• pp. 161–163
  • And what is it to act upon others as you would that others would act upon you? It is to put yourself in the place of others. It is consideration of others as ardent as consideration of self. It is the balancing of abilities, supplementation, the social ideal.
    • p. 164

The Derivation of the Nature of Living BeingsEdit

  • Since impulses are simply sensations which have become motor, and since sensations are only tendencies from without become conscious, the nature of any being may be said to be the manner in which it correlates the tendencies which it contacts, or the manner in which a being, as a distinct and detached portion of the universe, reacts upon the rest of the universe.
    • p. 171
  • An ox is of a very different nature from a fox, and men (some of them) are very unlike serpents, because the classes of impulses in the consciousnesses of these animals are for the most part very different in one animal from another. Serpents, oxen, foxes, and men, however, are all similar in their eagerness to reproduce themselves, and in their emphatic reluctance to die.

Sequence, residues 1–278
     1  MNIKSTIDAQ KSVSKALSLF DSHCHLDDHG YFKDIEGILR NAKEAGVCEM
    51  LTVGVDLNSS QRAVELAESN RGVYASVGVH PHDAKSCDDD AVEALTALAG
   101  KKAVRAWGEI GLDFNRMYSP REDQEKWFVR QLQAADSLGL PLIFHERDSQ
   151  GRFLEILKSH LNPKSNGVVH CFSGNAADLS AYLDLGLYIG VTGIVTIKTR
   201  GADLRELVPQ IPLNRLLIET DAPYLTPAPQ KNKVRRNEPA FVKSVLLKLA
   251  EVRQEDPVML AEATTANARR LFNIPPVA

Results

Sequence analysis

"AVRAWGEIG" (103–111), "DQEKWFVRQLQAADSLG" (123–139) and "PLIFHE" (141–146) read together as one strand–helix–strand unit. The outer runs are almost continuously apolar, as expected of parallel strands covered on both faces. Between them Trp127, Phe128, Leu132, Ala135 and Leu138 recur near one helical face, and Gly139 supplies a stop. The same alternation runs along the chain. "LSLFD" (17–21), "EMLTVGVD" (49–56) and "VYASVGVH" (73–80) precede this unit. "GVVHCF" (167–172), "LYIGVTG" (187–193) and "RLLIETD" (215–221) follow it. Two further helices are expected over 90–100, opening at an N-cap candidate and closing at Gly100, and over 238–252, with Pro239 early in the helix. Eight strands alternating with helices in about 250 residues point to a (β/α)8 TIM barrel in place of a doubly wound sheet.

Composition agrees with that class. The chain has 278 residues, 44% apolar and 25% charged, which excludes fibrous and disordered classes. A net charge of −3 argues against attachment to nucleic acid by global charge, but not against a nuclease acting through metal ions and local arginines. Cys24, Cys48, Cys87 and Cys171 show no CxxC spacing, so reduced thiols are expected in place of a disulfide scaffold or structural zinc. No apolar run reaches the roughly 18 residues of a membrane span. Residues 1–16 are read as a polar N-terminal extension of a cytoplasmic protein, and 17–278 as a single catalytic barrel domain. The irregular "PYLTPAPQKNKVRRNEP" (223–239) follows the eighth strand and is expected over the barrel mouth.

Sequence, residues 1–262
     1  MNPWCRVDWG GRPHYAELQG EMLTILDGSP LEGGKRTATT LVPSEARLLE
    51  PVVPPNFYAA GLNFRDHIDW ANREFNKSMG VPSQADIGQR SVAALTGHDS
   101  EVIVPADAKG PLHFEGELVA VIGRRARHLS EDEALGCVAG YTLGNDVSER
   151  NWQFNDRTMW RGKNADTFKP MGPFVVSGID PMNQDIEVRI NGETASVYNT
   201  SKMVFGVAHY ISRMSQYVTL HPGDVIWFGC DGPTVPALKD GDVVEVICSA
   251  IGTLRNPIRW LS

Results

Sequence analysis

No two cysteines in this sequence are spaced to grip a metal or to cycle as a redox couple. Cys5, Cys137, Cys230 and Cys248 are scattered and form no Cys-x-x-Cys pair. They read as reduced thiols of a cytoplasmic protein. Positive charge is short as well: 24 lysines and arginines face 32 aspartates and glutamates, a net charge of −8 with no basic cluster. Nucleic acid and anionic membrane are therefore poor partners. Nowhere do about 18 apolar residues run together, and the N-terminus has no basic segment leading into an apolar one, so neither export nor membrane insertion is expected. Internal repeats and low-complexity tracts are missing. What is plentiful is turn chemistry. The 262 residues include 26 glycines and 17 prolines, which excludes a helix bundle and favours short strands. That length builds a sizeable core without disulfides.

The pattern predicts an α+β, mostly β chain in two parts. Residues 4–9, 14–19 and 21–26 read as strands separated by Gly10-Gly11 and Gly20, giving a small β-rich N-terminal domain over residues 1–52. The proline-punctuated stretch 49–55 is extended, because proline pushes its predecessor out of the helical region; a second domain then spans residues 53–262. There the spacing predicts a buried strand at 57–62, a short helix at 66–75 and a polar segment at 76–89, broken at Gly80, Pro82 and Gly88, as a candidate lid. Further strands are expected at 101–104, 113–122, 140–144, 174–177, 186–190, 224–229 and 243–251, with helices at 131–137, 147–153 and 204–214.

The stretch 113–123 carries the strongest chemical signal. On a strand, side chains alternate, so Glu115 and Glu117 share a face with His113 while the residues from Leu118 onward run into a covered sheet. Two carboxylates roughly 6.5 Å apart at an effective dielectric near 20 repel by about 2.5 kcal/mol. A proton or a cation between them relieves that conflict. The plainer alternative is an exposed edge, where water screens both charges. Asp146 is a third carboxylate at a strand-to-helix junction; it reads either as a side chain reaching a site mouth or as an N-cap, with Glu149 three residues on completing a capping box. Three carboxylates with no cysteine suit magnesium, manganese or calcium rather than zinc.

• p. 172
  • The dread of death, an instinct so unfailing in all animals, exists, not because existence is intrinsically so sweet, nor because annihilation is so distressing, but because this bugaboo has been an indispensable safeguard against the suicide of the life process. The expectation of post-mortem consciousness, so prevalent and so insistent among human beings, is a hope arising from the concussion of a desire and a fancy—the desire to persist just referred to, and the fancy or hallucination of a double which originated among savages from shadows, images, dreams, and the like.
    • pp. 176–177